However, global economic growth has slowed amid a marked weakening in demand growth, presenting some downside risks to commodity price inflation in the months ahead, but also underscoring risks to the economic growth from tighter monetary policy, IHS Markit said in a press release.
Global price pressures intensified in April, according to the latest Purchasing Managers Index data compiled for JPMorgan by S&P Global. The data, based on panels of more than 30,000 companies in 45 countries, showed near-record upward pressure on business costs amid supply chain disruptions and oil price hikes. energy resulting from the war in Ukraine and blockages in China.
April’s PMI surveys recorded new records for retail price inflation in the US, Eurozone, UK and Brazil. A near-record rate was reported in Japan and the biggest increase since 2013 was seen in India. China, on the other hand, saw average prices drop for the first time since May 2020, but that largely reflects subdued demand under new lockdown measures.
The aggregate global PMI of goods and services selling price inflation has consequently reached a level far exceeding anything recorded before since surveys began collecting data on selling prices in 2009.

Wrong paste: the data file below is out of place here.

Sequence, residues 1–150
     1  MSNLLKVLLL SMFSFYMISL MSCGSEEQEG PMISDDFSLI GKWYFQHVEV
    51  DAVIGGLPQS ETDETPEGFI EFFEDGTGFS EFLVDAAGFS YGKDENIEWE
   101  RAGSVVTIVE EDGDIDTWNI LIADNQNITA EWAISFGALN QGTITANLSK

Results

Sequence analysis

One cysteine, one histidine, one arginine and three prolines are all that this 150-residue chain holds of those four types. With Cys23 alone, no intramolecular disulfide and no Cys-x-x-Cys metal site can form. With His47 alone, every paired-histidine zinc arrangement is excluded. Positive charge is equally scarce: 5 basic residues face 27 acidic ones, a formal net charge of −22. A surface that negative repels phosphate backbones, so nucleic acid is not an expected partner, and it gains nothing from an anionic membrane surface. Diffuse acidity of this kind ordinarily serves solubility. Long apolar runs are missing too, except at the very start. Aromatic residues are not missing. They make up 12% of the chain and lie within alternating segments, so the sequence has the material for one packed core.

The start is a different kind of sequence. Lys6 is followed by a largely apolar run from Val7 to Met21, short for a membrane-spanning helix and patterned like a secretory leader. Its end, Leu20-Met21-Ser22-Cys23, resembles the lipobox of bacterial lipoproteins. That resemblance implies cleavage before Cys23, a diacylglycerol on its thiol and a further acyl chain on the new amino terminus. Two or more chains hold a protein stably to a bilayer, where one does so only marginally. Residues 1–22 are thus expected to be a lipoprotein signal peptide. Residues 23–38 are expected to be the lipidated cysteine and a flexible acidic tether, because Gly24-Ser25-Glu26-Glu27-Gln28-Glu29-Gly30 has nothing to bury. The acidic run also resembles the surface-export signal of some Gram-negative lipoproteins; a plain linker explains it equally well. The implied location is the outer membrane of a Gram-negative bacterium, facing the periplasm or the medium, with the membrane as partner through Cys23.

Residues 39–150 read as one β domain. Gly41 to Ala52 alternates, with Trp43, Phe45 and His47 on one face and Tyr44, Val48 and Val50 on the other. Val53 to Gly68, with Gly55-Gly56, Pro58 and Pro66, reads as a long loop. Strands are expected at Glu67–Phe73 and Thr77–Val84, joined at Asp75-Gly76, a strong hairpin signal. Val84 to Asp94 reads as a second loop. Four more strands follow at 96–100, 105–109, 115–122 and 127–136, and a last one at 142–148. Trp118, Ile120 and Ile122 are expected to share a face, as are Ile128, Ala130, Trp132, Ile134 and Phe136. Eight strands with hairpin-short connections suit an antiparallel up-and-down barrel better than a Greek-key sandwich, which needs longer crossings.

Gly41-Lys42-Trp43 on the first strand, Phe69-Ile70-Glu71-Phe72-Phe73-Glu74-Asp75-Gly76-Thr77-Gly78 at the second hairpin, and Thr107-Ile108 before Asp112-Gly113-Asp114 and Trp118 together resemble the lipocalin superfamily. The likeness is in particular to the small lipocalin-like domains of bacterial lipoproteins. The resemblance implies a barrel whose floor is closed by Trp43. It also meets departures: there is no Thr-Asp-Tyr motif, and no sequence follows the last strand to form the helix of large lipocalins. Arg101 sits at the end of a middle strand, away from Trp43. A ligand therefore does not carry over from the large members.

The global input cost PMI, which has a longer time series history than the selling price index, also rose further in April. This gauge showed that average input costs in manufacturing and services were rising globally at a pace not seen since the 2008 commodity price shock, and a pace rarely surpassed since the data was released. first available in 1998.
The clear implication of this further acceleration in business cost growth in April is for global consumer price inflation to accelerate in the months ahead, London-based IHS Markit said.
Of particular note is the extent to which service-sector price inflation, which has generally been lower than that of goods during the pandemic, has now nearly matched that of goods. This partly reflects the recent surge in demand for services as economies around the world ease COVID-19 restrictions.
The survey responses point to three main sources of inflationary pressures.
First, commodity prices continued to rise at an accelerated pace in April as pandemic supply disruptions were exacerbated by Russia’s invasion of Ukraine and further lockdowns in China. The number of companies citing higher raw material prices as a factor in rising costs hit a new all-time high, exceeding three times the long-term average.
Second, the spike in energy prices due to the war in Ukraine means that the number of companies reporting that costs have increased due to higher energy bills has exceeded that observed even in 2008, reaching an all-time high of more than six times the long-term average.
Third, difficulties in finding staff and rising costs associated with existing employees have pushed wage pressures upwards. Although down from recent highs, the past few months have seen the strongest upward pressure on business costs from wages since data became available in 2005.
Fibre2Fashion (DS) News Desk